Subject: bin/4939: mips ELF magic numbers incorrectly assume big-endian host CPU
To: None <firstname.lastname@example.org>
From: Jonathan Stone <jonathan@DSG.Stanford.EDU>
Date: 02/04/1998 18:20:31
>Synopsis: mips ELF magic numbers incorrectly assume big-endian host CPU
>Responsible: bin-bug-people (Utility Bug People)
>Arrival-Date: Wed Feb 4 18:35:00 1998
>Originator: Jonathan Stone
>Release: NetBSD 1.3 (stock)
System: NetBSD Reno.DSG.Stanford.EDU 1.3 NetBSD 1.3 (GENERIC) #2: Tue Dec 30 01:16:36 PST 1997 jonathan@Reno.DSG.Stanford.EDU:/reno/compile/GENERIC pmax
The file(1) magic-number database contains several byteorder-dependent
encodings for MIPS binaries. The entries appear correct for running
on a big-endian MIPS cpu -- the source of the entries - but produce
obvbiously incorrect answers on a little-endian MIPS cpu.
Particularly obnoxious is that little-endian MIPS binaries are misreported
by file(1) running on a little-endian MIPS binary.
This is (understandably) causing woe and confusion to pmax users,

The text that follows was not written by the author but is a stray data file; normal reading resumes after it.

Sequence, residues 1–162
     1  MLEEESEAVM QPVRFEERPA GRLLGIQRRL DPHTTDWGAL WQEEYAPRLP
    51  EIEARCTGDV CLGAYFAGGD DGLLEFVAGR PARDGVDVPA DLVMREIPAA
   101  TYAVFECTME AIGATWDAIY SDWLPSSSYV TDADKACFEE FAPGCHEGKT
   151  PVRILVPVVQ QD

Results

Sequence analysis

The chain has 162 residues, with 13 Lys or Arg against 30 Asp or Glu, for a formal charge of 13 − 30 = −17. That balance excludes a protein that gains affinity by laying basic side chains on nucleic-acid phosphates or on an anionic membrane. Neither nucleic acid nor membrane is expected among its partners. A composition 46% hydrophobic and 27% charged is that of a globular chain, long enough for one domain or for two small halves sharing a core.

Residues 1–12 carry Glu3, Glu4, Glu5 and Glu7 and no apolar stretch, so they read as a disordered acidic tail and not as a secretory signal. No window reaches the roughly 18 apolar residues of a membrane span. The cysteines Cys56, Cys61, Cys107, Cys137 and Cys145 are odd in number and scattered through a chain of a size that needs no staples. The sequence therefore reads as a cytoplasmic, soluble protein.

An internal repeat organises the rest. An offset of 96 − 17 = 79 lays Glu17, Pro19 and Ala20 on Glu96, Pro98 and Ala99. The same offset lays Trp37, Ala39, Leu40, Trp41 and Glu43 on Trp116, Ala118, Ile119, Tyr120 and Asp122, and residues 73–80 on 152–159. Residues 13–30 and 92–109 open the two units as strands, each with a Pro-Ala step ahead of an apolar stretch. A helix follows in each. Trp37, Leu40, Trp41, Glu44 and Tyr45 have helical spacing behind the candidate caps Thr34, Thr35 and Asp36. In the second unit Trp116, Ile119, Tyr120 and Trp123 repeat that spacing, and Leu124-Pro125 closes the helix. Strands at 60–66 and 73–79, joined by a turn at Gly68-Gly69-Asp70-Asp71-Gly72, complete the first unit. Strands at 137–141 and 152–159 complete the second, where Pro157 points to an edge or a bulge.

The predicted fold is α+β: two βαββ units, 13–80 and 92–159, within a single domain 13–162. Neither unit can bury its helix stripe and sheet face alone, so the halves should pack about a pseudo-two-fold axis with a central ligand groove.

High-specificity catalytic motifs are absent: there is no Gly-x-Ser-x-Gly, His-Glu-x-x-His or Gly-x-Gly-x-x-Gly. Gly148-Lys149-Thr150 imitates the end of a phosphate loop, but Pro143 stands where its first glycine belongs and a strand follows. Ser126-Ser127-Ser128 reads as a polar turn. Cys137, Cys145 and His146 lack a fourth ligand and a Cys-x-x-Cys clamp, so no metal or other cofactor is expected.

especially first-time users of NetBSD/pmax 1.3.
To show the problems with dynamic binary, ,static binary, and a shared
library, running on a pmax:
file /usr/bin/file; file /bin/date; file /usr/lib/libc.so.12.20
/usr/bin/file: ELF 32-bit LSB executable, MIPS R3000_BE - invalid byte order, version 1
/bin/date: ELF 32-bit LSB executable, MIPS R3000_BE - invalid byte order, version 1
/usr/lib/libc.so.12.20: ELF 32-bit LSB shared object, MIPS R3000_BE - invalid byte order, version 1
On an i386, running the i386 file(8) command over pmax binaries gives
the same result.
I'm assuming that /usr/share/misc/magic gives the right results on a
NetBSD/pmax ELF binary when run on a big-endian machine, but I dont
thave one around to verify that.
Correct the byteorder bugs in the mips entries in the
/usr/share/misc/magic stanza for ELF files, so that the mips CPU
entries work properly when run on little-endian machines, as well as
on big-endian. This may be as simple as permuting the entries, or
The obvious way to do this is to use byte-by-byte examiniation, to
avoid invalid assumptions about endian-ness of the host CPU doing the
See also my earlier PR on a similar bug in ECOFF encoding in the magic